Normally, it takes some time for NASA’s Mars rovers to return scientific data. The instruments need to be calibrated and commissioned, and the rover needs to move slightly away from the landing site towards a landscape that has clear scientific instruments. In the case of the Perseverance rover, there was an additional delay as it tested the Ingenuity drone over the course of several weeks.
But this week brought a pleasant surprise, as the first research paper on persistence was published in Science. It turns out that some of the rover’s earliest photos revealed features in some vertical rock walls at some distance from the landing site—details that tell us about the history of water flow at Jezero Crater.
Mars meets Kodiak
Jezero Crater was chosen as Perseverance’s landing site because images taken from orbit indicate that it once hosted a lake. The photographs revealed an exhaust channel that allowed water to flow through gaps in the crater’s walls, the place where rivers flowed to feed the lake, and what appeared to be a river delta extending from these sites into the crater. The rover’s mission profile includes sampling material from that delta, which may have once been an inviting environment for life, and collecting any living material that once existed upstream.
A significant part of that mission would also confirm that the deposit was indeed produced by a river delta. That’s what the new paper is about, and goes a long way by revealing what type of delta formed the deposit near the rover’s landing site.
Key to this is a feature that has raised the unofficial nickname Kodiak, a butt located approximately west of the fortification’s current position. Its height relative to the crater floor is roughly the same as that of the large delta fan adjacent to the crater wall, indicating that they were once part of a single formation, but that the material that once connected them has since eroded. .
Crucially, on the large delta fan, the details of the former delta’s structure are covered by mounds of debris, making it difficult to interpret. In contrast, on Kodiak, some delta deposits are clear of debris, meaning they can be seen. And, since those rocks are nearly vertical, it’s impossible to see them from orbit. But Perseverance was able to get some excellent images out of them. And those photos turned out to be very revealing.
In areas of the Kodiak that are not covered by debris, it is possible to detect general trends in the layers of sedimentary deposits that now make up the body of the butt. And these layers show a consistent pattern. At the base, the layers are almost flat or gently sloping. Above this are the regions where the layers are significantly inclined towards the vertical. And that section is topped by a second set of roughly horizontal layers.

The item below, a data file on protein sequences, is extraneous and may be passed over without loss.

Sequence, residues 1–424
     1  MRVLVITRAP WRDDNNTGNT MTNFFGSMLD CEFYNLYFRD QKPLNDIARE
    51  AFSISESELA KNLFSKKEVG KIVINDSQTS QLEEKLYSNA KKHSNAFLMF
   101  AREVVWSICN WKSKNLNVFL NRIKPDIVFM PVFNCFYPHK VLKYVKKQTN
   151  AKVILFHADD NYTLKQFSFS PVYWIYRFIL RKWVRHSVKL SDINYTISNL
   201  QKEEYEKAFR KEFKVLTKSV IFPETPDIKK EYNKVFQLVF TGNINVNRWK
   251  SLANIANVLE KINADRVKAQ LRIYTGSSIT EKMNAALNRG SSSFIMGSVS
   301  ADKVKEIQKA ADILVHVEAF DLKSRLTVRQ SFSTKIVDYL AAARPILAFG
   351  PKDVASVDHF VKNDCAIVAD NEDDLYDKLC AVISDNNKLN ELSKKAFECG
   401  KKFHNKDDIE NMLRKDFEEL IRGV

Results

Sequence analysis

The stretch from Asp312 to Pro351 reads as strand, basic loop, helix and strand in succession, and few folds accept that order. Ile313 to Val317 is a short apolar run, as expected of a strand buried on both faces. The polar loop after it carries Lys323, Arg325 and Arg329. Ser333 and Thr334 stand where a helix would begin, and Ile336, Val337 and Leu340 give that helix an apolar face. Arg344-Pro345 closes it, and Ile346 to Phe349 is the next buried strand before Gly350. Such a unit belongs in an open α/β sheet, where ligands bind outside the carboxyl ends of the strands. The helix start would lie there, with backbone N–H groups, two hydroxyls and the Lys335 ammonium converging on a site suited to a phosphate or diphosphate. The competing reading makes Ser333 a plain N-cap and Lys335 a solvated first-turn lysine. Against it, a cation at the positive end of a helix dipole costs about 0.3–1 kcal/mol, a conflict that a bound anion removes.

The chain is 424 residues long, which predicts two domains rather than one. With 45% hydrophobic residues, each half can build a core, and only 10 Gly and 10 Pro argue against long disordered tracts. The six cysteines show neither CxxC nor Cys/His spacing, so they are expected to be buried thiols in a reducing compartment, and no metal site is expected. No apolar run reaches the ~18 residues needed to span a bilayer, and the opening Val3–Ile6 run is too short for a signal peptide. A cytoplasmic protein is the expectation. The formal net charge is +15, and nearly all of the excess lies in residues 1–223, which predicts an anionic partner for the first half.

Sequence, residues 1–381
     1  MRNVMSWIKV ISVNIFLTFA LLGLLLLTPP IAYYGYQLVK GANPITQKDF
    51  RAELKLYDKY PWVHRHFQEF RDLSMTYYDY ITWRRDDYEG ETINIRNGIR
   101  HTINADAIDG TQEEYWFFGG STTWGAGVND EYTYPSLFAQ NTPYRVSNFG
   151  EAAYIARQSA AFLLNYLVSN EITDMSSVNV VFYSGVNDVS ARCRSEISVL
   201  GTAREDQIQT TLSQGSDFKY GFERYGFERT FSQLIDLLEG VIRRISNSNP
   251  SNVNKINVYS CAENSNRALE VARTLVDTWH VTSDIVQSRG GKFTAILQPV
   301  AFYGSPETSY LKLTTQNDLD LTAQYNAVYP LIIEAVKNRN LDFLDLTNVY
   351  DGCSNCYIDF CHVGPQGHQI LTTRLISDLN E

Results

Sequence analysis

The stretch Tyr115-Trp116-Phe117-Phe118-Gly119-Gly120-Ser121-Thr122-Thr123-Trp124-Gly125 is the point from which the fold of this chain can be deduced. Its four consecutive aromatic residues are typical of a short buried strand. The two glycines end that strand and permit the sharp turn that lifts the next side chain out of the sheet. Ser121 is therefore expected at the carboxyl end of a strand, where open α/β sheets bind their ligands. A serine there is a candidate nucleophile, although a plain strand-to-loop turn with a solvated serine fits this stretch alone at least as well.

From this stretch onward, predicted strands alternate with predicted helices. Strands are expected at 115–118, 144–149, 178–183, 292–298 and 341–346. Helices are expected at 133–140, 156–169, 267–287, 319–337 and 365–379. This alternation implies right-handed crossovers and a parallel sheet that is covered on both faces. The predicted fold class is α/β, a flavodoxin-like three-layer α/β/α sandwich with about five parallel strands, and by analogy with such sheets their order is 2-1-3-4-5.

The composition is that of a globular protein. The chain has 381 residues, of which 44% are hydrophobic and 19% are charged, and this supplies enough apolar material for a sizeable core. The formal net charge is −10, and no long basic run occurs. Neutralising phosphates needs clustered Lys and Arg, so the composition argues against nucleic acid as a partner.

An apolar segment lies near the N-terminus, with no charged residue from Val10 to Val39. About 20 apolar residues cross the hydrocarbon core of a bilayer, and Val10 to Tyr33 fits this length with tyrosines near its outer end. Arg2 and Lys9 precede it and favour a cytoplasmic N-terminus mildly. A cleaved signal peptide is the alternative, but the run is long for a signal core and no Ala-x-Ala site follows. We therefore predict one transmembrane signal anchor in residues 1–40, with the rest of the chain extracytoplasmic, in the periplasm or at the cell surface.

Such deposits have already been described on Earth, which are formed as a result of river deltas. The lowest layers form at the bottom of the lake, as new sediment is carried in and settles almost evenly. As the elevated delta begins to move into the lake, the deposits tend to slope vertically as the sediment moves down the slope along the edge of the delta. Once the water is flowing over the top of the delta, the sediments again begin to form almost horizontal layers.
For this to happen, the water level in the lake must be reasonably stable for a relatively long period of time, although much will depend on how much sediment is in the incoming water. In the case of Jezero Crater, however, the left and right sides of Kodiak reveal similar deposits at two different heights from the crater floor. Since Mars is not tectonically active enough to split the formation, this suggests that the lake was stable at at least two different depths at different points in its history.
The researchers who analyzed these photos also noted that none of these levels matched the height of the apparent outlet channel in the crater wall, which suggests that water sometimes reaches a third height.
However, that third height could have been reached during a dramatic flood. At the top of the delta, there are deposits that include large boulders that are rounded, suggesting that they were eroded by floodwaters over a long period of time. Therefore, late in its history, after the delta was deposited, it appears that Jezero Crater was the site of some violent flooding. It is possible that this includes events after the lake dried up.
Clearly there is still a lot to fill. But remember, all this detail came from a handful of photos taken in the early days of Perseverance’s stay in the crater. In time, the rover should have a chance to examine some of the deposits to give a clearer picture of Mars’ history.
Science, 2021. DOI: 10.1126/science.abl4051 (About DOI).